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What helps you visualize dimensions?

  1. Nov 15, 2007 #1
    An interesting question came up the other day. Someone asked how to visualize the tinier dimensions, and though I like to think that I can, it was pretty hard to put it into words. Here’s my attempt. Not saying it’s right, just saying it works for me. I’d be very interested to see what works for others.

    First, two simple principles: (A) For any given dimension, treat the next highest dimension as its “time.” (B) Mapping out how the state of a given dimension changes over “time” gives you a visualization of the next highest dimension.

    To make it easier, I start from the smallest and work highest. Going the other way hurts my head.

    To keep it short, I’ll run through 8 or 9 dimensions. The three dimensions we live in are numbers 4, 5 and 6. (Dimension 6 is the really interesting one to me.)

    0. Start with a singularity of zero dimension. It’s just a reference point, such as the intersection of two lines or three planes. It’s a point.

    1. Map out how that point changes over time. You now have a 1-dimensional line.

    2. Map out how that line changes over time. You now have a 2-dimensional plane.

    3. Map out how that plane changes over time. You now have a 3-dimensional space.

    4. Map out how that space changes over time. Imagine each new instance of that space as an infinitesimal point. You now have a 4-dimensional line, with each point on that line being how the entire 3-dimensional space was at any given moment.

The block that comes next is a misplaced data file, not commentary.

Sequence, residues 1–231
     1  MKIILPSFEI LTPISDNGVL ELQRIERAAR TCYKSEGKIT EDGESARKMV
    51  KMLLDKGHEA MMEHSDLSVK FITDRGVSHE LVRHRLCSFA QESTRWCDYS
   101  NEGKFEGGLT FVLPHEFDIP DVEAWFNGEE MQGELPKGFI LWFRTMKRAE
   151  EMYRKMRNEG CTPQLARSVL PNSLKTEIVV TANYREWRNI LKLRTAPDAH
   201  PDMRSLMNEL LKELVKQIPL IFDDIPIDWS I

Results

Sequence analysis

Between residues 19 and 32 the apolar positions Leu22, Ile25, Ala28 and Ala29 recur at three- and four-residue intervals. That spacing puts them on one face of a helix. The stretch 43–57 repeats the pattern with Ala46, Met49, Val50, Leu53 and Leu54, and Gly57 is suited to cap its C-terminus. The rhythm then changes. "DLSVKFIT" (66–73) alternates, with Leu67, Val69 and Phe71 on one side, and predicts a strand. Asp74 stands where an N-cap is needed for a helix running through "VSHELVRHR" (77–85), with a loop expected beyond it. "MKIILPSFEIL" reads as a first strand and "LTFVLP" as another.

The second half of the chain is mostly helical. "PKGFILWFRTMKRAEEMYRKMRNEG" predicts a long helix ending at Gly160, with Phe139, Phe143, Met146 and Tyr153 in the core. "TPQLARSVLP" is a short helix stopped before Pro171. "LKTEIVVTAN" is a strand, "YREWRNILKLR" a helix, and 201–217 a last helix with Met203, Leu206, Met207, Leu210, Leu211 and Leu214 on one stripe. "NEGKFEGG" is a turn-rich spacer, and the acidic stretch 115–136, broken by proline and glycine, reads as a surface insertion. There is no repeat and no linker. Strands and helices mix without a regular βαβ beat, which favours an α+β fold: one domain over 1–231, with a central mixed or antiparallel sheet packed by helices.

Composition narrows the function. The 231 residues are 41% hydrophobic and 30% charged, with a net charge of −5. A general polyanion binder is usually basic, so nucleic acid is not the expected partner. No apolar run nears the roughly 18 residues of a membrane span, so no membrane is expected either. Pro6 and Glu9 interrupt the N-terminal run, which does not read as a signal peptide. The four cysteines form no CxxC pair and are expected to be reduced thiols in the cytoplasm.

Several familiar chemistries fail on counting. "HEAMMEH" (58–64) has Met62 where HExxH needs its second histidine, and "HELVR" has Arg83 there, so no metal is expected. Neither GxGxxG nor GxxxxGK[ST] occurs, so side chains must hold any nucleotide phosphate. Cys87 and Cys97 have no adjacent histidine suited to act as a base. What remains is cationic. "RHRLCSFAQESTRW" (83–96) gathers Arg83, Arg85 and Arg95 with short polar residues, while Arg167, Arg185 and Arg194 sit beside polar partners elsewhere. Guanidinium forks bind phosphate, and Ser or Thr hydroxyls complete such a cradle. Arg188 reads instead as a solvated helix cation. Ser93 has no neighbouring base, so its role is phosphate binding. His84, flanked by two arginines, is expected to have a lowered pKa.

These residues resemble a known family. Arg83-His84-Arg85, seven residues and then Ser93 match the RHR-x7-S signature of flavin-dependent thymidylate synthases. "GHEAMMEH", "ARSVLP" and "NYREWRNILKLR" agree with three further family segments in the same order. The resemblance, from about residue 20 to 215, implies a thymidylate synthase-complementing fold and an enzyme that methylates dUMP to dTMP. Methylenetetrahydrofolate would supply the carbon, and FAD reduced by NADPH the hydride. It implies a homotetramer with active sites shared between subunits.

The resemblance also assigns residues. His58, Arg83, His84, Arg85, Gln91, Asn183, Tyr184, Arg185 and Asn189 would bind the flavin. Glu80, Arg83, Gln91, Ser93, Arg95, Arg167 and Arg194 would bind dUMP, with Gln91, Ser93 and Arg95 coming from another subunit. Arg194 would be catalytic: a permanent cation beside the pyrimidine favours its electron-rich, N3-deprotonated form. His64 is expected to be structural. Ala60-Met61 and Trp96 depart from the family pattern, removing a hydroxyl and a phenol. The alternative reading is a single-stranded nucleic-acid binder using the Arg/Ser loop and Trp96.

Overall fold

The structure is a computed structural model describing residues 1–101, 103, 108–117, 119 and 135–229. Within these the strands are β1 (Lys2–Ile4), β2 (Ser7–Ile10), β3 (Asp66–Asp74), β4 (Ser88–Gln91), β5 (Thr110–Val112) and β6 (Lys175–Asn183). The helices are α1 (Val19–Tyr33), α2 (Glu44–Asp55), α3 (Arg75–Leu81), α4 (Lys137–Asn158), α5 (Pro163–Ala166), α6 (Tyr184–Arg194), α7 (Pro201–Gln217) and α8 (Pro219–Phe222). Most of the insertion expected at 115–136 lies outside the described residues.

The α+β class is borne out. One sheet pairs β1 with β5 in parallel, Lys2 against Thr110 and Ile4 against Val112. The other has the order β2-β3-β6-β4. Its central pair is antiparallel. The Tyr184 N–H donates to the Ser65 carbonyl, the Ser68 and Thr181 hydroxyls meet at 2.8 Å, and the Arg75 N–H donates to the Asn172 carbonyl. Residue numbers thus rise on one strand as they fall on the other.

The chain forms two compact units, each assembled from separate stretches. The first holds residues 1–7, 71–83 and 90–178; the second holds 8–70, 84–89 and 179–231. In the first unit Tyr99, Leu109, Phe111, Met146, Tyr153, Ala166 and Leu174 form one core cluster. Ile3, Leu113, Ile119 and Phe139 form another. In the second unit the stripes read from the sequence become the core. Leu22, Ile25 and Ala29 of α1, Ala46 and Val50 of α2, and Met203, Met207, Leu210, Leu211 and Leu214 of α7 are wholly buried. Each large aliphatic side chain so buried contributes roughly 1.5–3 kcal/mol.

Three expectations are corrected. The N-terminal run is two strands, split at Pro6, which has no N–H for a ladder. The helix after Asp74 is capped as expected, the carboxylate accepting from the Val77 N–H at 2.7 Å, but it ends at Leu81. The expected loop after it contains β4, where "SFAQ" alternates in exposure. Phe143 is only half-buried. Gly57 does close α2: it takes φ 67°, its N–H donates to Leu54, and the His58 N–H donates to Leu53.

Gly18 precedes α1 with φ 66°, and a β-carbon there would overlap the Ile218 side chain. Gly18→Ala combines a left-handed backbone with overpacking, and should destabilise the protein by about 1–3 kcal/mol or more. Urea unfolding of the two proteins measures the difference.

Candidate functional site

5. Map out how that 4-dimensional line changes over its time, and you now have a 5-dimensional plane.

    6. Map out how that 5-dimensional plane changes over its time, and you now have a 6-dimensional field. Think of this as what we normally think of as the 3-dimensional space we experience.

    Each infinitesimal point in that 6-dimensional field is a 3-dimensional space of its own. This helps me visualize how nearby points in a field react as they do -- they’re not different things spookily acting at a distance, but are instead just the same 3-dimensional sphere (or whatever) reacting to something over its “time.”

    7. Map out how that 6-dimensional field changes over time, and you now have a 7-dimensional thing that we refer to as “spacetime.”

    8. I need another dimension on top of that, an 8th dimension, for a sort of Bohm pilot wave that helps me imagine a photon trying out various pathways in its phase space, outside of time, perhaps interfering with each other as in a 2-slit experiment, then traveling down one of those pathways in the spacetime we experience. (See discussion at https://www.physicsforums.com/showthread.php?t=148050&page=5 )

    Like I said, I’m not in any way saying this is RIGHT, just that it helps me deal with the concepts. I’d love to hear what works for others.
  2. jcsd
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